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Evidence of relationships between lipid peroxidation and the incidence of coronary heart disease is limited. We therefore investigated this association in a Japanese general population. We prospectively studied 1945 individuals who were apparently healthy at the baseline. Cox proportional-hazards models were used to investigate the relationship between serum levels of thiobarbituric acid-reactive substances (TBARS) as a marker of lipid peroxidation and the incidence of coronary heart disease, adjusted for established risk factors including age, sex, current smoking, body mass index, systolic blood pressure, glycohemoglobin A1c, serum total cholesterol, and serum high-density lipoprotein cholesterol levels. During 20,226 person-years of follow-up (median follow-up, 10.9 years), 44 coronary events were documented. The risk of coronary heart disease increased in consecutive tertiles of the TBARS level. On age-and sex-adjusted analysis, the level of TBARS was significantly associated with the incidence of coronary heart disease. The hazard ratio in the highest tertile compared with the lowest tertile was 3.22 (95% confidence interval, 1.38 to 7.53; p= 0.007). On multivariate analysis adjusted for age, sex, and other established risk factors, this association remained significant (hazard ratio, 3.23; 95% confidence interval, 1.28 to 8.16; p= 0.01). Serum levels of TBARS are a strong and independent predictor of coronary heart disease. These findings support the hypothesis that lipid peroxidation is an important risk factor for coronary heart disease.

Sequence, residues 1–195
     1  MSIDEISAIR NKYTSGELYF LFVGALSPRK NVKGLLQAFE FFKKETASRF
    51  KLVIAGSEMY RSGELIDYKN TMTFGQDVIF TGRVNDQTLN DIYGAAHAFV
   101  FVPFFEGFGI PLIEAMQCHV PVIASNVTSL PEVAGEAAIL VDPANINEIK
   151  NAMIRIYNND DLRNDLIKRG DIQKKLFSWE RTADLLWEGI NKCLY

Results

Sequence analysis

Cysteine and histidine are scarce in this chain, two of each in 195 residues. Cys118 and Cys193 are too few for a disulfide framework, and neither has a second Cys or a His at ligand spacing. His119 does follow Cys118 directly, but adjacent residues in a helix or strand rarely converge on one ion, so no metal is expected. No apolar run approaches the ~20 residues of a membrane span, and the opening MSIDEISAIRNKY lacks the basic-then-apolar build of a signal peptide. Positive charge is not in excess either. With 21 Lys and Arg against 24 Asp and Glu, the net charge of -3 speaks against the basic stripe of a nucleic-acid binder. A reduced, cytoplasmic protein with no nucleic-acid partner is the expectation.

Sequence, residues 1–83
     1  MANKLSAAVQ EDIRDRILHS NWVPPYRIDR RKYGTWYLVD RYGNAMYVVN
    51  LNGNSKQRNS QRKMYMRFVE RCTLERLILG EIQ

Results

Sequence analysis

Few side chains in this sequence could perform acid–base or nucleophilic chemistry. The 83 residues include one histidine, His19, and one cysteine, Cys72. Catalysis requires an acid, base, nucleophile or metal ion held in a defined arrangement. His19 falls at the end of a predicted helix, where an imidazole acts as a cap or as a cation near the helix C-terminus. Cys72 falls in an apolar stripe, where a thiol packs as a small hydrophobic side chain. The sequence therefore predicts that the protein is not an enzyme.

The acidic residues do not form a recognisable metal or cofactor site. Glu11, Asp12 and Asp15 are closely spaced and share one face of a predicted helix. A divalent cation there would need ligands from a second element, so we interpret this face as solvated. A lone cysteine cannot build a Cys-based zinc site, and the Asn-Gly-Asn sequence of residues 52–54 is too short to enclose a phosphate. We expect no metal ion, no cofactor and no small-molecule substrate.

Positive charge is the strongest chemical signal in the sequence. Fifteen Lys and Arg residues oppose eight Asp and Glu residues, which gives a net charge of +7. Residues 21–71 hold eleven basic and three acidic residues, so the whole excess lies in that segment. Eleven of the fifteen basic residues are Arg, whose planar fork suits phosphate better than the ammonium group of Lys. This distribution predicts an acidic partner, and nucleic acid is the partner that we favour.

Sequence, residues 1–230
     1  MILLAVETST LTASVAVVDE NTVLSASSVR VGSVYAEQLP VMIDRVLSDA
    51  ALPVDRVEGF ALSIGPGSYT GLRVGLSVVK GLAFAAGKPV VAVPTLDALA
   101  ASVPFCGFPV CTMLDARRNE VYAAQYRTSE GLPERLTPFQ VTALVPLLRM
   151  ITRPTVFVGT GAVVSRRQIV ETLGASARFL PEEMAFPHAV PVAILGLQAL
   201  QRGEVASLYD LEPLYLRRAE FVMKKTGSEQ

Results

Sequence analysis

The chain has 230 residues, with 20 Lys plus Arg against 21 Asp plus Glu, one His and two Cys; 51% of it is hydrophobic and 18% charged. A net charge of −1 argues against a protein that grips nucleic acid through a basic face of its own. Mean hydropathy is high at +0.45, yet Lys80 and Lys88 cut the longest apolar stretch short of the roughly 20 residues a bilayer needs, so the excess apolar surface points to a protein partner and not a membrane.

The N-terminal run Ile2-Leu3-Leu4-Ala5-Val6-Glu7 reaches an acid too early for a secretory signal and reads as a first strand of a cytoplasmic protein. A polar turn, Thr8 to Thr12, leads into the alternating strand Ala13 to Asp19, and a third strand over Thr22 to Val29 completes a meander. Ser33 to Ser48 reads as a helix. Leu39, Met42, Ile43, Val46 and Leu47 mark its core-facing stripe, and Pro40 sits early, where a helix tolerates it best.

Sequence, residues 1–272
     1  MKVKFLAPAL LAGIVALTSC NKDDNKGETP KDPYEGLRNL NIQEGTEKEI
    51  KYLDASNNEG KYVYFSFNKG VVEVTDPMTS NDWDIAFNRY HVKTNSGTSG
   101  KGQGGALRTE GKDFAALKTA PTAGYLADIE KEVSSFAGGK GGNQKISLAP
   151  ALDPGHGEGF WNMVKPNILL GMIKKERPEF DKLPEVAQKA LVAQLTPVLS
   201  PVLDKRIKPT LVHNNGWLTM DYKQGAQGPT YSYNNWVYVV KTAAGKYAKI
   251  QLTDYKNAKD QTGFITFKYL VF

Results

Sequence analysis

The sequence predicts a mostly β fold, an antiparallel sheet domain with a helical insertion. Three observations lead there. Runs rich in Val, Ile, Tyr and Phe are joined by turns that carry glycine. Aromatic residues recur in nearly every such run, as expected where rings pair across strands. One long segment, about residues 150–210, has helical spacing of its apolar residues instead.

Shin-Ichiro Tanaka, Tetsuo Miki, Shoto Sha, Ken-Ichi Hirata, Yuichi Ishikawa, Mitsuhiro Yokoyama. Serum levels of thiobarbituric acid-reactive substances are associated with risk of coronary heart disease. Journal of atherosclerosis and thrombosis. 2011;18(7):584-91

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PMID: 21427508

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